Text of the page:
WASHINGTON - Underscoring the theme of enhancing shareholder value, Investment Company Institute President Paul Schott Stevens encouraged the money management industry last week to leverage its innovative past and join efforts to enhance mutual fund disclosure and reinvent the defined contribution space for the next generation of retirees.
As he recounted how the mutual fund industry has grown from its modest, "Dutch fund" beginnings in 1774 to a manufacturer of products that today meets nearly every investor's needs and desires, Stevens said it is incumbent upon the industry to embrace and shape future disclosure in a way that similarly serves fund shareholders.
"That is why ICI supports SEC Chairman Christopher Cox in his drive to harness the power of the Internet to better inform fund investors, to provide them with information in ways that they want and use," Stevens said during his remarks at the 48th annual ICI General Membership Meeting, held here.
Less than one year into his tenure, Cox has made the sticky wicket of enhanced disclosure a front-burner issue at the Securities and Exchange Commission. A former Republican Congressman tapped by President Bush to succeed the controversial rule maker William Donaldson, Cox wants not only to do away with the oftentimes complex legalese found in prospectuses and replace it with plain English, but he'd also like that information available on the Internet where investors can compare competing products in an "apples-to-apples" environment.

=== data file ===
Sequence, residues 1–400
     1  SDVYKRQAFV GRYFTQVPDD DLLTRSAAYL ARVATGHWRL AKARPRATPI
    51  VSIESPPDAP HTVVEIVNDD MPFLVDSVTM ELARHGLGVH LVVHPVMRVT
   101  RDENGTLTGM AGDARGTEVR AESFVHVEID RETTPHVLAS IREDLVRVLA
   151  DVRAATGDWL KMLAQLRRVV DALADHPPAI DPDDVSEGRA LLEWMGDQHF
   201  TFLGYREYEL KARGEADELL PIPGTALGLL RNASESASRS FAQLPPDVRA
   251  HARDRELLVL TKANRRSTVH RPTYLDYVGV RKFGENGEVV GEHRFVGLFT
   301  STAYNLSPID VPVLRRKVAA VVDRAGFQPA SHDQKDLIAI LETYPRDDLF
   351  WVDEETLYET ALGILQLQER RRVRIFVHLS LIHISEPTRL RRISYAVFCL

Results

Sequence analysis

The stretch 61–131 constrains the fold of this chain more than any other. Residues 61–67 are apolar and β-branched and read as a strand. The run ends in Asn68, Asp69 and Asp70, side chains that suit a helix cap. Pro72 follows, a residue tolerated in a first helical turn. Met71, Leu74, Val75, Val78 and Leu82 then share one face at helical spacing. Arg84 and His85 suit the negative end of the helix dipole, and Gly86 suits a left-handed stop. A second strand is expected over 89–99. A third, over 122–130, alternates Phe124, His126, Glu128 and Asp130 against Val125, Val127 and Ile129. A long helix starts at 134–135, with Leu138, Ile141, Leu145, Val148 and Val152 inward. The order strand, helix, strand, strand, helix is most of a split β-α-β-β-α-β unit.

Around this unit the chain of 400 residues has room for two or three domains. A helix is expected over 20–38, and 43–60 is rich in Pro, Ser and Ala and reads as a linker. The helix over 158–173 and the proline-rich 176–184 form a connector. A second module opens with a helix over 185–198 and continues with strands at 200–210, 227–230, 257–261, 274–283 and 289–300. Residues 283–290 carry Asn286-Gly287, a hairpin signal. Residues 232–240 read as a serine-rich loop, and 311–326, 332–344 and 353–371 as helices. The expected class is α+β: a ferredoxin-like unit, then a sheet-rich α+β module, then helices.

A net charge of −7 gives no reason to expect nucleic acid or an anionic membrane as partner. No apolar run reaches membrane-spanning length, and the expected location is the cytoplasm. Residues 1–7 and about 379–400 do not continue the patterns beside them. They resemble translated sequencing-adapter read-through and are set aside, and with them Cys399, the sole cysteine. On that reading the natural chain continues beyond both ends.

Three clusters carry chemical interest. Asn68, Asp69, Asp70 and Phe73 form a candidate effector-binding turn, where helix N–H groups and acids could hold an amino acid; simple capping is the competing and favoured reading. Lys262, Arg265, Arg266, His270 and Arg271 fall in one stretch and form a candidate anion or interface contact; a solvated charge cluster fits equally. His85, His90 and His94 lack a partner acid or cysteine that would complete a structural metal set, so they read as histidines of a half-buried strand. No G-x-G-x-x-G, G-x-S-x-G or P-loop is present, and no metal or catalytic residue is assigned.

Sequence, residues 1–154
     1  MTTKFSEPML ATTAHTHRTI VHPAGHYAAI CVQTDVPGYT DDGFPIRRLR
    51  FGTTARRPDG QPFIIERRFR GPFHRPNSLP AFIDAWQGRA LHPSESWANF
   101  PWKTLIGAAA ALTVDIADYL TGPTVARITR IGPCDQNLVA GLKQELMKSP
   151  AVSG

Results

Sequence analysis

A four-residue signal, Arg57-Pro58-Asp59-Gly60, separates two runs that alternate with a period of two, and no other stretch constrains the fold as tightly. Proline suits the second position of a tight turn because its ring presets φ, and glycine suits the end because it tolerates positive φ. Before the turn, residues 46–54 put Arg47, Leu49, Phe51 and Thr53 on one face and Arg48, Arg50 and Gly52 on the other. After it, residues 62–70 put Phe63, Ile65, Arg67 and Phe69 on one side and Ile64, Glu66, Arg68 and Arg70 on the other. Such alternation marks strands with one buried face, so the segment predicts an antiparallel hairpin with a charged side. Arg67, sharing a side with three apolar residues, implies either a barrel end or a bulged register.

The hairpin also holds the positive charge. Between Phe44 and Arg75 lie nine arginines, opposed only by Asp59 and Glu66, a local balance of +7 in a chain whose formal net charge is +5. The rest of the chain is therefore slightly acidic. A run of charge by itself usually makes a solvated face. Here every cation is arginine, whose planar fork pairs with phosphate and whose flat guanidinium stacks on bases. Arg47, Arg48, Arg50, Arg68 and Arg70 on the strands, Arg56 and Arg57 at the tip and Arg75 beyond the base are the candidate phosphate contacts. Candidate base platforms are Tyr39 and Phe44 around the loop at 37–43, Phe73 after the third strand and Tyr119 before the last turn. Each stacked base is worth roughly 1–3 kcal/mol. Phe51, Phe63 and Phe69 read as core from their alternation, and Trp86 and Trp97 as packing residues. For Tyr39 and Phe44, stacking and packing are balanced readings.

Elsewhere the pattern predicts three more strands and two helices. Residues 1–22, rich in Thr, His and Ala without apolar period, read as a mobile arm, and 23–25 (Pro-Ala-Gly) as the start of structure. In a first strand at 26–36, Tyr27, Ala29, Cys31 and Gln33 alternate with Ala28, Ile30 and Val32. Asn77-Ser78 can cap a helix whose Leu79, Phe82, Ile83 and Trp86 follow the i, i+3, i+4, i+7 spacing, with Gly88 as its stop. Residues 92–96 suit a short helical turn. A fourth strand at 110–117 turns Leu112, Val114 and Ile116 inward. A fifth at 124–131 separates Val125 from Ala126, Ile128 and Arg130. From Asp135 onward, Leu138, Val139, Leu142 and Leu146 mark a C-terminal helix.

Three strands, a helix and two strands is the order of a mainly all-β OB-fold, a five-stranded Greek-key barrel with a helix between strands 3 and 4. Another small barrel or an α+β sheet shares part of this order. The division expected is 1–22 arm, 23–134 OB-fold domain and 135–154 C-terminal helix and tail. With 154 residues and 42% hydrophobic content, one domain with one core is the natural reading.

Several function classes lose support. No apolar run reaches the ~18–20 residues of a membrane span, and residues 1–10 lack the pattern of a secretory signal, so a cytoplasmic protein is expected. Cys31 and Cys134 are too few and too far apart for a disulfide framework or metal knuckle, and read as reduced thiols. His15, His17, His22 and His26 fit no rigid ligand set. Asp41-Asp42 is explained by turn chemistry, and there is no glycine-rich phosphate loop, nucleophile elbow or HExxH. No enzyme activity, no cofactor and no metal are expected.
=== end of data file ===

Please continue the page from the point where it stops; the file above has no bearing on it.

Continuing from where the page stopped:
To make that happen, he wants fund companies to begin filing documents with the SEC using extensible business reporting language, or XBRL, a data-tagging software that would enable those side-by-side comparisons.
An undertaking that has been accomplished with minimal success by his four most recent predecessors at the Commission, there's reason to think Cox might succeed where they failed because he has technology, as well as one of the nation's most powerful Capitol Hill lobbyists, in his corner. The ICI announced earlier this year that it would begin an XBRL initiative to run concurrently with Cox's.
Stevens warned, however, that it would be no easy task.
"Continuing innovation is a challenge," he admitted. "It involves uncertainty and risk. There will always be doubters, who insist that everything worth trying has been tried, and that change is unnecessary.
"[But] where serving the interests of mutual fund investors is concerned, we must never stop swinging for the fences," he said.
Change is equally constant in the retirement arena, he continued. As the nation's next significant batch of retirees confronts challenges like dwindling pension plans and a shaky Social Security system, Stevens said the industry must rise to their aid and help devise a solution.
"We have done it before, with creativity and innovation," he remarked.
Pointing to the 401(k), which was originally a tiny statute meant to resolve a debate over whether executives could defer taxes on their profit-sharing bonuses, Stevens said the money management industry, using the 401(k), "built a vast structure of creative investment options, recordkeeping systems, marketing programs for employers, education programs for workers and information systems to help employers cope with complicated IRS and Labor Department rules."
Stevens offered a few numbers to further bear witness to the impact of the 401(k) statute. For instance, 47 million Americans participate in 401(k) plans today, more than four times as many as 20 years ago. And at the end of 2005, the plans held assets worth more than $2.4 trillion, which is 17 times the total of 20 years ago.
But the 401(k), he added, is just one element of the booming defined contribution space. Today, 53% of workers are offered DC plans, compared to 22% of workers that have access to defined benefit plans, most commonly known as pension plans. The DC plans, which on top of 401(k)s include 403(b) and 457 plans, together hold $3.7 trillion for millions of Americans.